Favoritism and In-Grouping

by Miles McPherson | June 23, 2020

Let me ask you a very direct question: do you discriminate against people who don’t look like you?

If you’re like most, your reflexive answer is no—of course not. You don’t treat other ethnicities with malice, and you don’t intentionally put those of another group down. In fact, you’re generally nice to people who don’t look like you because you want to do your part to bridge the racial divide. 

I commend your desire to honor people of other ethnicities. I do not doubt that you are sincere when you say "No, I do not discriminate—I am not racist." But if nearly everybody feels as you do, how have race relations deteriorated in our country? And why are we still seeing news stories about racial strife on a regular basis?

How have race relations deteriorated in our country? And why are we still seeing news stories about racial strife on a regular basis?

The truth is, most discriminatory acts are very subtle—so subtle that they may be imperceptible so that neither the perpetrator nor the victim sees it clearly enough to identify it. But when steady streams of subtly biased words and actions are directed against individuals of certain racial groups, day in and day out, resentment grows and breaks down any hope of racial harmony.

Racial bias is rooted in the act of in-grouping. An in-group is the group of people you closely identify with to the exclusion of all others: your circle of friends, your clique, your ethnic group, your church body where everyone looks like you. When you choose an in-group, the message you convey to everyone around you is either you are in or you are out. And when in-groups have a similar ethnic makeup, those who are not of that ethnic makeup feel left out, unwanted, and excluded.

Simply put, when we choose an in-group, which is often done subconsciously, we dishonor those we’ve chosen to exclude. Without realizing it, we express disdain for them and disregard their humanity. We treat them unequally. We show favoritism towards others at their expense. And we disregard God’s image in them – the same image that lives in us.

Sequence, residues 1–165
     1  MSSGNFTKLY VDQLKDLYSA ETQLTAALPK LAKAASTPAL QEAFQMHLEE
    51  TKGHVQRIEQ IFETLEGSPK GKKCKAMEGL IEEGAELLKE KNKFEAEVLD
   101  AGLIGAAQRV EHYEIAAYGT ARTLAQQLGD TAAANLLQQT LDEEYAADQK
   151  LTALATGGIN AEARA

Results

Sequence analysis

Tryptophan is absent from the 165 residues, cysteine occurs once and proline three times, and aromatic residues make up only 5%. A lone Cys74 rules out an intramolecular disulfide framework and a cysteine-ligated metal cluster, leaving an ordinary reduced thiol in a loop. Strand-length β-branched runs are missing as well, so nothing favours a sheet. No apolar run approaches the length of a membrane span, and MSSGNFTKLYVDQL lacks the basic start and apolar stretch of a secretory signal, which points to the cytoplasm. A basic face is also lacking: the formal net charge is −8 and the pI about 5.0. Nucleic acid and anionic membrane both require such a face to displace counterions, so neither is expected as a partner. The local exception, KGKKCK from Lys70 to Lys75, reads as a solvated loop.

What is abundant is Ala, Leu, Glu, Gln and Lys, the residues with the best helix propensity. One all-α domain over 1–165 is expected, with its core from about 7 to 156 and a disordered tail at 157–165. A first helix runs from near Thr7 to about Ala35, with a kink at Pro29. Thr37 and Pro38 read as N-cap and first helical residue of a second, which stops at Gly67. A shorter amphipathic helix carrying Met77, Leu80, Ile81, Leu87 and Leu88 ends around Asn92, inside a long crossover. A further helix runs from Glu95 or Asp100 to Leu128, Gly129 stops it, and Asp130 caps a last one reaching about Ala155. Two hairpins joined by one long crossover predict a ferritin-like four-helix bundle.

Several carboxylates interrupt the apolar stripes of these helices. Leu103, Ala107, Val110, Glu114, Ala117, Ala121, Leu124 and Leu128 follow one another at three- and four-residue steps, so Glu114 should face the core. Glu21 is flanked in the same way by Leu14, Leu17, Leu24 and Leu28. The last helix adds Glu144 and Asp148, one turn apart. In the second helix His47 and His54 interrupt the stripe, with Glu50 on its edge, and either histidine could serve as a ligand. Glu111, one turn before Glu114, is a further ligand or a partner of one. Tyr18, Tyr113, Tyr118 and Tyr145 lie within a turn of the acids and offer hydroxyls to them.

In-grouping is a natural tendency, which makes it difficult to overcome – and yet, we MUST. The Bible teaches that Christians are not to show preference or favoritism under any circumstances: “My brothers, as believers in our glorious Lord Jesus Christ, don’t show favoritism” (James 2:1). The Bible also calls favoritism sin: “If you really keep the royal law found in Scripture, ‘Love your neighbor as yourself,’ you are doing right. But if you show favoritism, you sin and are convicted by the law as lawbreakers” (James 2:8-9). Paul instructed Timothy, a young church leader, “to do nothing out of favoritism” (1 Timothy 5:21). Favoritism – or in-grouping - is a serious offense in God’s eyes.

In-grouping is a natural tendency, which makes it difficult to overcome – and yet, we MUST.

God knows how hard it is for human beings to avoid showing favoritism. It’s literally impossible to overcome without God’s help. Even Christ’s closest followers struggled with bias against those who were different than them. When the apostle Peter was first called to minister to non-Jewish people, he was reluctant. He later admitted, “I now realize how true it is that God does not show favoritism but accepts men from every nation who fear him and do what is right” (Acts 10:34). 

In-grouping is not from God, because it goes against Christ’s commandment to love and honor everybody equally. But with God’s help, you can overcome your tendency to pick and choose favorites. Pray that God would reveal the subtle biases in your own heart, and for the courage to expand your in-group to include everybody. Through this one small step, you will make huge strides towards eliminating racial strife in your community.


Holy Spirit lead me to do the will of the Father. Lord, I sure don't have racism figured out in my own heart, much less the whole world. But I do know that I need to start with me. Reveal to me the biases I have in favor of the members of my in-group. Reveal the biases I have against the members of my out-group and show me how I can love them as I love my in-group and myself.

In Jesus’ name I pray. Amen.


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